Updated Sep 23, 2020 - World

U.S. no longer recognizes Lukashenko as legitimate president of Belarus

Lukashenko at his secret inauguration. Photo: Andrei Stasevich/BELTA/AFP via Getty Images

The U.S. no longer recognizes Aleksandr Lukashenko as the legitimate president of Belarus, the State Department said in a statement on Wednesday.

Why it matters: Lukashenko has clung to power with the support of Russia amid seven weeks of protests that have followed a blatantly rigged election. Fresh protests broke out Wednesday evening in Minsk after it emerged that Lukashenko had held a secret inauguration ceremony.

What they're saying:

"The United States cannot consider Aleksandr Lukashenko the legitimately elected leader of Belarus. The path forward should be a national dialogue leading to the Belarusian people enjoying their right to choose their leaders in a free and fair election under independent observation."
— State Department spokesperson

The U.S. announcement follows similar statements from European officials, including EU foreign policy chief Josep Borrell.

"The situation is clear for us. We consider the elections of August 9 fraudulent. We don't recognize Lukashenko as the legitimate president of Belarus."
— Josep Borrell last week to the European Parliament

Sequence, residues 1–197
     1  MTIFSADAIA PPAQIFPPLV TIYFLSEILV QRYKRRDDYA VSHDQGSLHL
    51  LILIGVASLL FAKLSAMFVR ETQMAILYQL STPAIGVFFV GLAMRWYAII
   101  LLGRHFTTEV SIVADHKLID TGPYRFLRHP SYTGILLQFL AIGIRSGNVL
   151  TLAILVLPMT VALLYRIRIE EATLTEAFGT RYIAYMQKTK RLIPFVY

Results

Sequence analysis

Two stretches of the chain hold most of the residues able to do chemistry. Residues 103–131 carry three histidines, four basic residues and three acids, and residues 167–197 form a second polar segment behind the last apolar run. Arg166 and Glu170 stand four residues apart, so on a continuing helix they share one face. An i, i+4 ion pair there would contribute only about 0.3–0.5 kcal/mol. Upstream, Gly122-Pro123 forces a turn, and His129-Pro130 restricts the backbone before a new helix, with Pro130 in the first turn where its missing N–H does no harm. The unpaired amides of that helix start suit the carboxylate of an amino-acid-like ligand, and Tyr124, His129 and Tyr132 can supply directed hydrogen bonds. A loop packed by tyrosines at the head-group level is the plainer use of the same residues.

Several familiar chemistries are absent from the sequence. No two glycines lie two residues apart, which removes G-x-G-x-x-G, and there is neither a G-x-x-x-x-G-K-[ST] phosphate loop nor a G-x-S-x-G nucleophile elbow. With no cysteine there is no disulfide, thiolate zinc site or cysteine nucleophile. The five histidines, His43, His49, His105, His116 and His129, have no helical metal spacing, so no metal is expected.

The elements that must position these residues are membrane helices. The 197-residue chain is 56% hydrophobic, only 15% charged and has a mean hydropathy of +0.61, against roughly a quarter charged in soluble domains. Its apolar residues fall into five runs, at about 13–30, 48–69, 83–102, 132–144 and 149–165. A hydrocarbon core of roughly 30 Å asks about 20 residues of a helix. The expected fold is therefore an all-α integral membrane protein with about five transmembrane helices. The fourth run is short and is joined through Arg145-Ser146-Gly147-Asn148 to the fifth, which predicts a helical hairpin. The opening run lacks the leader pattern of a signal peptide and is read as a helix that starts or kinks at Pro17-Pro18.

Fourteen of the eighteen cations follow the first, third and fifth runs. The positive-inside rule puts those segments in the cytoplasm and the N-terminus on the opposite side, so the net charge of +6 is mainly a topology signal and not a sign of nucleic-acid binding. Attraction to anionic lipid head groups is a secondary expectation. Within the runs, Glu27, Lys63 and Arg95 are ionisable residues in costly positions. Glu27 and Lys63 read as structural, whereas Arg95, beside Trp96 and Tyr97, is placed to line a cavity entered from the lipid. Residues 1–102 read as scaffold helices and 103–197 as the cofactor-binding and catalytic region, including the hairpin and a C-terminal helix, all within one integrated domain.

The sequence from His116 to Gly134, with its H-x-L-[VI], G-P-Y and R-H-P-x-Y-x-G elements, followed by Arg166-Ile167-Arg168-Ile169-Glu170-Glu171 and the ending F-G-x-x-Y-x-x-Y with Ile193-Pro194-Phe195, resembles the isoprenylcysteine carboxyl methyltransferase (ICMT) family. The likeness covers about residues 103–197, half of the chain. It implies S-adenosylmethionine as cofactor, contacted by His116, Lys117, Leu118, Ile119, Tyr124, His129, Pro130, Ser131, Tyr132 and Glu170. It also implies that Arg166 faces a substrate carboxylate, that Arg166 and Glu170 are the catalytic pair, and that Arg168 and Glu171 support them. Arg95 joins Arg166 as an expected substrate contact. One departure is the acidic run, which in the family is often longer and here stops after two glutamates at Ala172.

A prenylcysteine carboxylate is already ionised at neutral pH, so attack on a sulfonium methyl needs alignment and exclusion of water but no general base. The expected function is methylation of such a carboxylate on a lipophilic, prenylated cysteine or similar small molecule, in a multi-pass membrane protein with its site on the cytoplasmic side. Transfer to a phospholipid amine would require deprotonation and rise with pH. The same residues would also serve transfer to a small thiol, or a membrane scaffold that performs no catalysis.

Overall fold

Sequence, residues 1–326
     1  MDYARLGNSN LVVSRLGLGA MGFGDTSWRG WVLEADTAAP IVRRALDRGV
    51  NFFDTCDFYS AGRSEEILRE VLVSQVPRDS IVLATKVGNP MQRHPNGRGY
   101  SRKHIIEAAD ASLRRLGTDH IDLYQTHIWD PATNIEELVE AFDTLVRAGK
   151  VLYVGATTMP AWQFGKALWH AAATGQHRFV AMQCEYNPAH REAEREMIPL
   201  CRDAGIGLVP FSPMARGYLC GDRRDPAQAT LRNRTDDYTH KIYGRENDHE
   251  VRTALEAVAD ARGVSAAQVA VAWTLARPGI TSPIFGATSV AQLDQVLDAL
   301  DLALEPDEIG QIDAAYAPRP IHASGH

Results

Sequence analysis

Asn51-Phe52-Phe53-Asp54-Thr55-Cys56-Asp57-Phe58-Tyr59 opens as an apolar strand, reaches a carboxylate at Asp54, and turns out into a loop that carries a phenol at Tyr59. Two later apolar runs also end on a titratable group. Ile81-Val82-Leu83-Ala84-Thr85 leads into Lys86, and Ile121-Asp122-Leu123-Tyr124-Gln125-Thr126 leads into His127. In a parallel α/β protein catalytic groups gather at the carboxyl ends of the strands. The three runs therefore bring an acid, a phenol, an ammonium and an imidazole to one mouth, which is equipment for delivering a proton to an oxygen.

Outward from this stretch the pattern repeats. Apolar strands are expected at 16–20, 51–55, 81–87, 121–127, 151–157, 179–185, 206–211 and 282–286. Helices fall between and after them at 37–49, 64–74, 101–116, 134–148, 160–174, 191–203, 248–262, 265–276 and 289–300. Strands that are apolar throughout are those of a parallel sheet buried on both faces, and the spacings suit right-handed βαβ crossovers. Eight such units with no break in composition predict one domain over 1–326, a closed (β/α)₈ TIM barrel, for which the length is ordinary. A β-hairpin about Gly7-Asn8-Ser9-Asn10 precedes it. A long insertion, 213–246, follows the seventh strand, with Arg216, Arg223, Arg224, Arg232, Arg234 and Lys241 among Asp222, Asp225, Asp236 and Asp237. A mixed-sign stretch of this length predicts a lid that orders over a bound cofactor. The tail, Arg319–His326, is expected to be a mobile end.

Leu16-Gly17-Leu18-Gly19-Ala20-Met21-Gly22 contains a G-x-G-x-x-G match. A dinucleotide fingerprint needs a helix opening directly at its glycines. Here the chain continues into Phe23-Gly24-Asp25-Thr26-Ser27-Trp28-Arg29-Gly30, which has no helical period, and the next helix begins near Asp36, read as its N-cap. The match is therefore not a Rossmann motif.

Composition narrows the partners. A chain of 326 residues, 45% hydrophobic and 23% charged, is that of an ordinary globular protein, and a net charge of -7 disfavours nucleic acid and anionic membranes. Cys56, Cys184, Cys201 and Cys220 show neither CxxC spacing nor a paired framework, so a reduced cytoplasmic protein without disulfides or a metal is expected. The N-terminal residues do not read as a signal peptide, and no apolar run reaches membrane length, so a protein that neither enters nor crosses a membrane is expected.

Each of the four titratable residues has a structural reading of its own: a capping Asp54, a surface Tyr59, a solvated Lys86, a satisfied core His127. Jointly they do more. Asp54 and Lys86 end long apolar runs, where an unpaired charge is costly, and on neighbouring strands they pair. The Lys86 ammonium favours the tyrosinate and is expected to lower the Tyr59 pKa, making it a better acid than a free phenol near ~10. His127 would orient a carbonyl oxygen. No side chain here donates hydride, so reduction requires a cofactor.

A German government spokesperson reiterated today that Germany does not view Lukashenko as legitimate, adding of Wednesday's inauguration:

"The fact that this ceremony was prepared secretly and carried out away from the public eye is very telling."
— German government spokesman

The big picture: Prior to the election, Lukashenko's relations with the West had actually been improving, largely because he was growing increasingly adversarial with Moscow.

  • Times have changed. Now, Lukashenko has been showering praise on Vladimir Putin, and in return, he received pledges that Russia will offer financial support and deploy an auxiliary police force to Belarus if needed.
  • Lukashenko has faced fierce global condemnation as he's cracked down on the protests that followed the election, but Putin has stood by him as hundreds have been arbitrarily detained and even tortured.

What to watch: Rhetoric from Washington and Brussels has not been matched by significant actions.

  • The EU failed earlier this week to pass sanctions on Belarusian officials because Cyprus, one of the smallest EU member states, objected due to an unrelated matter.
  • European leaders have vowed to raise the issue again, and Borrell warned "our credibility is at stake."

Where things stand: Lukashenko seems to have retained the loyalty of the security forces, but he's clearly lost much of the population. Cities across the country saw large protests on Sunday for the seventh consecutive weekend.

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